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See detailAssessment of the Greenland ice sheet–atmosphere feedbacks for the next century with a regional atmospheric model coupled to an ice sheet model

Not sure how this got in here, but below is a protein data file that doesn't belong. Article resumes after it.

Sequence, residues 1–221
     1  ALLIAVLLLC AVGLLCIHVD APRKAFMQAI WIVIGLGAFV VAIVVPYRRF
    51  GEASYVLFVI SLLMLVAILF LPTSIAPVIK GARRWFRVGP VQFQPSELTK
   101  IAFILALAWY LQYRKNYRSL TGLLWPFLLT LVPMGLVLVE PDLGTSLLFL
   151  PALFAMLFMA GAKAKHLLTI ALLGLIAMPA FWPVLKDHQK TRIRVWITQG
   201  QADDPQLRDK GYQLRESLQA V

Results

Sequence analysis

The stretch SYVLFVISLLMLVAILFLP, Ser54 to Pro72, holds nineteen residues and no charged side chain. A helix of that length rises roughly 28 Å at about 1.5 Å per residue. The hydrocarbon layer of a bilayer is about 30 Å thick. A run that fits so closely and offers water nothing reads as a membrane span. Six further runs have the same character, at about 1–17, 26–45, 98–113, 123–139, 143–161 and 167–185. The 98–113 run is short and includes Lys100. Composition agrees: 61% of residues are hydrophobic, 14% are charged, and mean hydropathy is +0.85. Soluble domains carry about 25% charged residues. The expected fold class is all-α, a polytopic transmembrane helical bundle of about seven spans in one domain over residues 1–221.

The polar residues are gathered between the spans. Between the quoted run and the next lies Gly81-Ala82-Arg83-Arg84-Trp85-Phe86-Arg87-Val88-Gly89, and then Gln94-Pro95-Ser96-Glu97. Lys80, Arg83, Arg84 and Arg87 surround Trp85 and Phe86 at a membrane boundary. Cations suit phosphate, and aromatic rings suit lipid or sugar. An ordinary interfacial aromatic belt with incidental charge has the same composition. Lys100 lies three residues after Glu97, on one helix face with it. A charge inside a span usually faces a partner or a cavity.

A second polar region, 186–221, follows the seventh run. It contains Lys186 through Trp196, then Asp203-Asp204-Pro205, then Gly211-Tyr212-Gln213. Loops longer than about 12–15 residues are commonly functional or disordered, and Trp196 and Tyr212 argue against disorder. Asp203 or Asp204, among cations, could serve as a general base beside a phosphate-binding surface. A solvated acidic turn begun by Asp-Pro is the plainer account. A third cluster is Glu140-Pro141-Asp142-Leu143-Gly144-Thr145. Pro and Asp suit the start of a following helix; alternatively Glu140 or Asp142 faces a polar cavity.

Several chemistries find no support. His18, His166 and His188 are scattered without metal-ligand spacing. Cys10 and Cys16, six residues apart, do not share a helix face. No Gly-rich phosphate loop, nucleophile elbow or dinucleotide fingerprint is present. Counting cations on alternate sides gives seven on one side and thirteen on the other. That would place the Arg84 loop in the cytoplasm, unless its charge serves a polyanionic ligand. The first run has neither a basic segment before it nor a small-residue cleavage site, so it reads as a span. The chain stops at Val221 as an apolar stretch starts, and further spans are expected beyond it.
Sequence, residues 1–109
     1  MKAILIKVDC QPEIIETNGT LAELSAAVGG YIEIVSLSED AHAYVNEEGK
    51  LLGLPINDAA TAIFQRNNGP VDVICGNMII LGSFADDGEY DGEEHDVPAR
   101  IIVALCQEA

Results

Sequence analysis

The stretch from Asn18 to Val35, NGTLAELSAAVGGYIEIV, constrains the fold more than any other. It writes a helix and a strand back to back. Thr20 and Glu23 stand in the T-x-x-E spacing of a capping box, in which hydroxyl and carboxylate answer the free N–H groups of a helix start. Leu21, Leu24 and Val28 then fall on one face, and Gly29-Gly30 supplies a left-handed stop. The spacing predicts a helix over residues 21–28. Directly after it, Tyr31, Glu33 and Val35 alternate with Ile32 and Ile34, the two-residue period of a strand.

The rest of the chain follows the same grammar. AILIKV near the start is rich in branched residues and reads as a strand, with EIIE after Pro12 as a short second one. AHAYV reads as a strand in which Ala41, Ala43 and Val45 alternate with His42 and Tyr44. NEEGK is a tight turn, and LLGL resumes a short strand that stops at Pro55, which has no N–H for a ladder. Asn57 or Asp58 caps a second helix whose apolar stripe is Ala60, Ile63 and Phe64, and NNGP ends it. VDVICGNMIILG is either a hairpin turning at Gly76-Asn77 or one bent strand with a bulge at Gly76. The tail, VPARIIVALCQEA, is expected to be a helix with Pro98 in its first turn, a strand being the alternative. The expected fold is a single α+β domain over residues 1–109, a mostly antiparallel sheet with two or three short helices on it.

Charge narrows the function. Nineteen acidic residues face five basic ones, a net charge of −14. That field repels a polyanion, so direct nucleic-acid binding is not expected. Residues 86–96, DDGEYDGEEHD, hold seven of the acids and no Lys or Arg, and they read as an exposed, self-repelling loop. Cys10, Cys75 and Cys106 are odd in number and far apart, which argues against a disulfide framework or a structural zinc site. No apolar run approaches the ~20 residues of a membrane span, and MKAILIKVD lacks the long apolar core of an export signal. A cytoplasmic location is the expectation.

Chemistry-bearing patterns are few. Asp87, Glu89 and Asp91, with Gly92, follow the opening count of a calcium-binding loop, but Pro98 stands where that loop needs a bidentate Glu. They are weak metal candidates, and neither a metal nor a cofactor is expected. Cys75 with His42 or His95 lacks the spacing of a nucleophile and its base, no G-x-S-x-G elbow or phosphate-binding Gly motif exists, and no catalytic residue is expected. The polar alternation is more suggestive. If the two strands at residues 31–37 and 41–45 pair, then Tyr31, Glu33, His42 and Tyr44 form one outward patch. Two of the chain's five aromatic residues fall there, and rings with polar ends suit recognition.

Le clec’h, S.; Charbit, S.; Quiquet, A. et al

in Cryosphere (2019), 13

In the context of global warming, growing attention is paid to the evolution of the Greenland ice sheet (GrIS) and its contribution to sea-level rise at the centennial timescale. Atmosphere–GrIS ... [more ▼]